Rational prescribing may on occasion be more expensive than irrational prescribing when it involves higher doses, longer courses of treatment or the use of more powerful and expensive drugs. Rational prescribing costs less when unnecessary or ineffective treatment is stopped, or when equally effective drugs that cost less are selected. In practice, irrational prescribing usually costs more.
Identifying irrational prescribing and its consequences is a precursor to training prescribing and dispensing personnel to improve their selection of drugs. The standardization of treatments guides prescribing decisions towards the most rational and least costly form of treatment.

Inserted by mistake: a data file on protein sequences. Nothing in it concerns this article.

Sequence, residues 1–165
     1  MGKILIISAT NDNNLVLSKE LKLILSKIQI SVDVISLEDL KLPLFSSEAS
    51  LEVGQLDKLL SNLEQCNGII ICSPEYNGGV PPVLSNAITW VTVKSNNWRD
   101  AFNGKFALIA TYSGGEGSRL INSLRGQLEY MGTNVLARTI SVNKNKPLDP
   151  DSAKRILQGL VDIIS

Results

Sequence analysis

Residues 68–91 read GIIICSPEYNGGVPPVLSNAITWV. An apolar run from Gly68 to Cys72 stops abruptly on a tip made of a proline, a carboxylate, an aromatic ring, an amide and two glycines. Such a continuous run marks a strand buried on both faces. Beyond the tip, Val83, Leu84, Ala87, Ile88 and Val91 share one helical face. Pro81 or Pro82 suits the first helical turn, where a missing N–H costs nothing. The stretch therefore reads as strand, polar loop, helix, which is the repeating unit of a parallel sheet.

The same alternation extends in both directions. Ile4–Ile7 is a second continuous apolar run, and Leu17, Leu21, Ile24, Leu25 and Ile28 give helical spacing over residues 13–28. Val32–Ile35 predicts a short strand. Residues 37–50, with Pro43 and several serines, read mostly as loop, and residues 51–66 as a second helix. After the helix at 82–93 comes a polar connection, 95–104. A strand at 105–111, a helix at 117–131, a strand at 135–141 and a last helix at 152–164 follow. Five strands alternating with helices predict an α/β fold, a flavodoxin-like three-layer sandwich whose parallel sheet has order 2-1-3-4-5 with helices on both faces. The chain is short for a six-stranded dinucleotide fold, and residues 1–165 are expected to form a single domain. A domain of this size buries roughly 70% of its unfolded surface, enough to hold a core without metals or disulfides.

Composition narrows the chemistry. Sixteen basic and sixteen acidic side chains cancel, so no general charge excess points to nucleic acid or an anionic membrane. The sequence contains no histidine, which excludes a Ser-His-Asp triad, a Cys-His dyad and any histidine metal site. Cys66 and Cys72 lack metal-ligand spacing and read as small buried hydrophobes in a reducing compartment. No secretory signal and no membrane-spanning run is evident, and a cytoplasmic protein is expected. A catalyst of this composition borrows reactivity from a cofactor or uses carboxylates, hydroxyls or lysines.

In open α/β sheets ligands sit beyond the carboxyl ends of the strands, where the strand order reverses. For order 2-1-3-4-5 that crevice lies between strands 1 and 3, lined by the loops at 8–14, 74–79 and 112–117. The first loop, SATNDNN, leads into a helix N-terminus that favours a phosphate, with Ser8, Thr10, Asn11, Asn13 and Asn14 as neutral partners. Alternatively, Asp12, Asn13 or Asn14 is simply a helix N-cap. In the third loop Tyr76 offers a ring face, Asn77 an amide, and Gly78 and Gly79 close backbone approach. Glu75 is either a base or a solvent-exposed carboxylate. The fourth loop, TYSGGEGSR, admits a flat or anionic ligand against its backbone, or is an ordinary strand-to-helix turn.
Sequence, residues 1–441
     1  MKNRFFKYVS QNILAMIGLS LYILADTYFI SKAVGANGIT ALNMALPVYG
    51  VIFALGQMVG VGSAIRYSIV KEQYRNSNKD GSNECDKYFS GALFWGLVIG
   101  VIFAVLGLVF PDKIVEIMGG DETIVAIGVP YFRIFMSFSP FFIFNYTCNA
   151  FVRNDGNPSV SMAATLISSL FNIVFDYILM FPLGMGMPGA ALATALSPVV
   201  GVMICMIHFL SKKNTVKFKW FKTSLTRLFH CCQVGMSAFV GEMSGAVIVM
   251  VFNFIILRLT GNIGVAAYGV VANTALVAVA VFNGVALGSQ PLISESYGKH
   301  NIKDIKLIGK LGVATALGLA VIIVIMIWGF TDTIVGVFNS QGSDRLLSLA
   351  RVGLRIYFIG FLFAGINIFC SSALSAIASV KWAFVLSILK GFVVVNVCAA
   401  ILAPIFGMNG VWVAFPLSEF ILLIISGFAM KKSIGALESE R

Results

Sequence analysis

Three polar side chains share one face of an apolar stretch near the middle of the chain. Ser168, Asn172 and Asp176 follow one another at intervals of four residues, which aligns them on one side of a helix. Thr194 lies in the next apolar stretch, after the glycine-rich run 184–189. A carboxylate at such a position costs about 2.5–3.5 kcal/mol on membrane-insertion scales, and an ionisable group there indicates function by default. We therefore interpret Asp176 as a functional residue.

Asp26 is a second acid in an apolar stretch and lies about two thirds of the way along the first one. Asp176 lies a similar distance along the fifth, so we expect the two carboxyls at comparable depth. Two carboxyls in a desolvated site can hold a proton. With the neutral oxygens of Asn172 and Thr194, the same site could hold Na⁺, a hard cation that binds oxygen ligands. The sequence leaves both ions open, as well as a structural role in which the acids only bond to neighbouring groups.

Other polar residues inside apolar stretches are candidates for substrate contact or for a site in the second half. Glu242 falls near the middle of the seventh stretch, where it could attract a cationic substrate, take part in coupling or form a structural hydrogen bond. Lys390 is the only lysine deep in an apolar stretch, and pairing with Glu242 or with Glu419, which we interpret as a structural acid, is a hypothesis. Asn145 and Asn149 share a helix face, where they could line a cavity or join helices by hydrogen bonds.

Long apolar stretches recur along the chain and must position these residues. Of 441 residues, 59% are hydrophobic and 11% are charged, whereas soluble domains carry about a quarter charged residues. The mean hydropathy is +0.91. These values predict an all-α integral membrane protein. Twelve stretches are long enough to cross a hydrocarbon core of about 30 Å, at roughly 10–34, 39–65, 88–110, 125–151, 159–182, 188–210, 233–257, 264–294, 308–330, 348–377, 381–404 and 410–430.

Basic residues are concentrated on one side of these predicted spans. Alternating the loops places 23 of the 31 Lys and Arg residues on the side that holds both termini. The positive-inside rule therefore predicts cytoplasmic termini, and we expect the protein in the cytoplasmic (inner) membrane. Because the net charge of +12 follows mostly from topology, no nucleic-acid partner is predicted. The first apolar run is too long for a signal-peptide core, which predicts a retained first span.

In all cases, the indirect cost of a course of treatment must be taken into account. Poor initial treatment may extend the duration of care, require more expensive care such as surgery, or expose more people to disease. Thus, the number of cases in which the overall cost of rational treatment is more expensive is very limited. Reducing the use of resources for irrational treatment allows these resources to be used for needs that have not been well satisfied. All in all, when care is rationalized, expenditure may be reduced and may sometimes be very high, but the degree to which needs are satisfied will be very much higher.